Ed. Dept. Analysis Paints Mixed Picture of SIG Program

Ed. Dept. Analysis Paints Mixed Picture of SIG Program

Date: 
Monday, November 19, 2012

Excerpt from Alyson Klein's article in Education Week.

Analysts, Researchers Split

Researchers and analysts who have studied SIG and turnarounds offered radically different interpretations of what the early results might mean when it comes to the program's effectiveness.

Diane Stark Rentner, the deputy director of the Center on Education Policy, in Washington, said the data looked rosier than she expected.

"I'm surprised that the numbers were so positive. I would have thought we'd see more stagnation," she said. "What we found in our research was that schools were focusing on climate" in the first year of the program and saving their "achievement-focused efforts for the second and third year."

SIG schools have gone through "a lot of turmoil and churn," including finding new principals and teachers, she noted. While those steps can lead to achievement gains down the road, they might have an impact on initial data. (Check out the Center's research on SIG here.)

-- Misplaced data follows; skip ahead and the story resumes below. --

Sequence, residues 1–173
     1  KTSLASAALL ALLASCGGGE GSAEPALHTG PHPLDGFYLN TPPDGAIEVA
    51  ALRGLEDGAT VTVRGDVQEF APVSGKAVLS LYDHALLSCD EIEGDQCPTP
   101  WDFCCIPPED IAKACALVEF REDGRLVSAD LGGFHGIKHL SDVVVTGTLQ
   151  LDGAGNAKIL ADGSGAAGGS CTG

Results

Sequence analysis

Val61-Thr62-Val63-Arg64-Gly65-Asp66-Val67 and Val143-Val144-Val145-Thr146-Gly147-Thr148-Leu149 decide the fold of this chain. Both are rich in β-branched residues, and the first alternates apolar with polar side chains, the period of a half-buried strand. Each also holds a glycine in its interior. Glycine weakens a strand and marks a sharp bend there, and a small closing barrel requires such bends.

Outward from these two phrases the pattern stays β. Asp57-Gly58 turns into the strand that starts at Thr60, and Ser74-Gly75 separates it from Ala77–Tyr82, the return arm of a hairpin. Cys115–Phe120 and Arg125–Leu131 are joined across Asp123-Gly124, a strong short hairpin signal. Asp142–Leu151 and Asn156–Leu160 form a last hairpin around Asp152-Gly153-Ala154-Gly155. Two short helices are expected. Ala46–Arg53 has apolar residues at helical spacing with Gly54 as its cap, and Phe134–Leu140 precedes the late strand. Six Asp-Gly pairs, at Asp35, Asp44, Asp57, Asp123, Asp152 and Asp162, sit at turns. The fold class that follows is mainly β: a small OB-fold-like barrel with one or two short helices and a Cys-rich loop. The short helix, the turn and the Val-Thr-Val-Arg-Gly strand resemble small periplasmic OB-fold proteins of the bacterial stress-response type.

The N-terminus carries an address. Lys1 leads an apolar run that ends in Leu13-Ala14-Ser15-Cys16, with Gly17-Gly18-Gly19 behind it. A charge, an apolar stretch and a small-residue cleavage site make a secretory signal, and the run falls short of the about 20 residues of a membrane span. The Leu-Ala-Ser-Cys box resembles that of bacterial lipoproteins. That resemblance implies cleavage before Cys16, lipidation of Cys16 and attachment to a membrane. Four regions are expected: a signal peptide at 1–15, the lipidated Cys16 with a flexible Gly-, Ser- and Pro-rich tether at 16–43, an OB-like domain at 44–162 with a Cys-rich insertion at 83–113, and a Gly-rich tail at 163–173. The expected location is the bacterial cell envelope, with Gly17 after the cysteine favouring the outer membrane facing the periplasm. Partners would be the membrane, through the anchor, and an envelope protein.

But Andrew Smarick, a partner at Bellwether Education in Washington, who has written about school turnarounds, called the data "heartbreaking."

"We spent several billion dollars, and more than a third of schools went backward," said Smarick, who recently was the deputy commissioner in the New Jersey Department of Education, and served in the federal Education Department under President George W. Bush.

Smarick said that, in his experience, schools are most likely to post gains in the beginning years of a turnaround. The trouble, he said, is sustaining the turnaround. If schools in the program "couldn't even see a bump in year one, what is that going to tell us about future years? This just shows hope is not a strategy."

And Robin Lake, the director of the Center of Reinventing Public Education, at the University of Washington in Seattle, said it's pretty tough to tell if SIG schools are living up to the program's promises because the department never laid out a clear vision for what success should look like.

"They've talked about bold, dramatic change, but never really defined it," she said. It's unclear, she said, whether schools will be able to sustain the gains they've made after the first year of the program. Policymakers should think carefully about whether the SIG models are the best use of scarce federal funding for improving schools, she added. (Lake's Center has also looked closely at the SIG program. Its report here.)

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